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Ironwoman For Hope

Amber McAdoo

by Amber McAdoo

I am 25 years old, and grew up in the small town of Conneaut, Ohio.  I joined the Air Force at the age of 18, and just recently separated from service as a SSgt after 6 years on Amber McAdooactive duty.  I was stationed in Germany for three years, got deployed to the middle east, and then moved to Florida.  Florida became my absolute God-send and in the summer of 2010, after two years of living in Florida, I met my boyfriend who actually introduced me to the sport of Triathlon.  Before I knew it, participating in triathlons became a true passion of mine and it practically saved my life during a bad state of depression I was unfortunately experiencing at the time.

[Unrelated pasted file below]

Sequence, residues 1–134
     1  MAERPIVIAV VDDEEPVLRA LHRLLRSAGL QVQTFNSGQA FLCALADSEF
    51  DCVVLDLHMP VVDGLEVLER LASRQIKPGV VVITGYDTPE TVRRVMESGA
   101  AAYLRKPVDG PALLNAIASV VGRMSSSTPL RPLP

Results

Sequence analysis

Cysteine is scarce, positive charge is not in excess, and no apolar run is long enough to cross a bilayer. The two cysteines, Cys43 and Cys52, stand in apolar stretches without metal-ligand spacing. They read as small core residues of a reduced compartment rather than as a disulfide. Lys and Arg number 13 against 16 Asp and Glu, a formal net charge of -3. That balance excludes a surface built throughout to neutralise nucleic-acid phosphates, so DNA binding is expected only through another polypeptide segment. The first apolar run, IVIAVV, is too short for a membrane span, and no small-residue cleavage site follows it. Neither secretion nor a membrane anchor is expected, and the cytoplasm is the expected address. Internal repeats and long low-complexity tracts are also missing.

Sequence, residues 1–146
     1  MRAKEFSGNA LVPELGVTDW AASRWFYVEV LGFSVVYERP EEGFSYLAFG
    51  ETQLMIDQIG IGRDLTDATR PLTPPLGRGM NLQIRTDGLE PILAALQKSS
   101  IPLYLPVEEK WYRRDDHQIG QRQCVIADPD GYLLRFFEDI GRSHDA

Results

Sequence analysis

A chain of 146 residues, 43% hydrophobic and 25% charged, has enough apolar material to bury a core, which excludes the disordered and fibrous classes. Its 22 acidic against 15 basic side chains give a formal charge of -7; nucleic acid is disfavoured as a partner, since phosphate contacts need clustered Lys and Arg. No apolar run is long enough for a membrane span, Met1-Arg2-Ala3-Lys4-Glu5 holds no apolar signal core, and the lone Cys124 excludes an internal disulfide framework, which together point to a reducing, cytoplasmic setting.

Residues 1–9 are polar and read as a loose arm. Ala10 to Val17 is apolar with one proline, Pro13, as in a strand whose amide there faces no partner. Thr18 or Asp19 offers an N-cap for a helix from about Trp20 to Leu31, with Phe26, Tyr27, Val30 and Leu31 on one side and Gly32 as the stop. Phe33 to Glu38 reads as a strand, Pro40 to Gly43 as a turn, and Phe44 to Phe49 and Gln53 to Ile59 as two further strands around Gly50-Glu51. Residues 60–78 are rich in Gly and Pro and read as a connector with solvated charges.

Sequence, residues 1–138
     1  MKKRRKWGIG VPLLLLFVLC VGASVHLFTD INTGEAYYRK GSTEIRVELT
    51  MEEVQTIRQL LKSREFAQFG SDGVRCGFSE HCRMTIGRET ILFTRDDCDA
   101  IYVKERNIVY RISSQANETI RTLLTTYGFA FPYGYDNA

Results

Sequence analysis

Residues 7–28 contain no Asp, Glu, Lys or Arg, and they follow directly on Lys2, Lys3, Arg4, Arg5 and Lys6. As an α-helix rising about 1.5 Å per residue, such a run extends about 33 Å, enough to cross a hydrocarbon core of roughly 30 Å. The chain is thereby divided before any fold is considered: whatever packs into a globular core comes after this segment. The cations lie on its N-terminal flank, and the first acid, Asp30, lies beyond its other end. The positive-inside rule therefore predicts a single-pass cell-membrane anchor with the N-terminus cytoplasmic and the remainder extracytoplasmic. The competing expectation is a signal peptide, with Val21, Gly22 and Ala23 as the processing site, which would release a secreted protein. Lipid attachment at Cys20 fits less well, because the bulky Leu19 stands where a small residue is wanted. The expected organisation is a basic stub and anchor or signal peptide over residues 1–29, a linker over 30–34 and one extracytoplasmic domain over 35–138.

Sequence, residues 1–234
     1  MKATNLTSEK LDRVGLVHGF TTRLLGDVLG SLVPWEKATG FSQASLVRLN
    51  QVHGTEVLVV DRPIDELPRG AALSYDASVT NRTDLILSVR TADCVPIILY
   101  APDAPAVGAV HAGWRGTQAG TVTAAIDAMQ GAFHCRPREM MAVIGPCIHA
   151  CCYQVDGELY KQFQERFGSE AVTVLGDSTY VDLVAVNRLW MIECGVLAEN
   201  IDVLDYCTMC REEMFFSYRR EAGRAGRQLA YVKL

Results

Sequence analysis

I have only been participating in triathlons for two and a half (2 1/2) years now.  In 2010 I met my current boyfriend at a charity race who introduced me to the sport, and once told me about it, needless to say I have loved it ever since.  So late in 2011 (after only competing in 4 or 5 Sprint distance Triathlons), I decided that I would make it my goal to do the Half Ironman in Panama City Beach, Florida. This was close to where I lived and it is known as the Gulf Coast Triathlon.  I knew this would be a new challenge both physically and mentally because I had never competed in a long distance triathlon such as the Half Ironman.  It was a bit intimidating for me, but I felt I could do it.  It might not seem like a huge goal to some, but it meant a lot to me because I have always admired those who had done Half and Full distance Ironman events.  But this time I was so excited that I was going to get to do it myself!  But after I registered and began to train, I dealt with some huge struggles in my life, and with only a couple months before the race.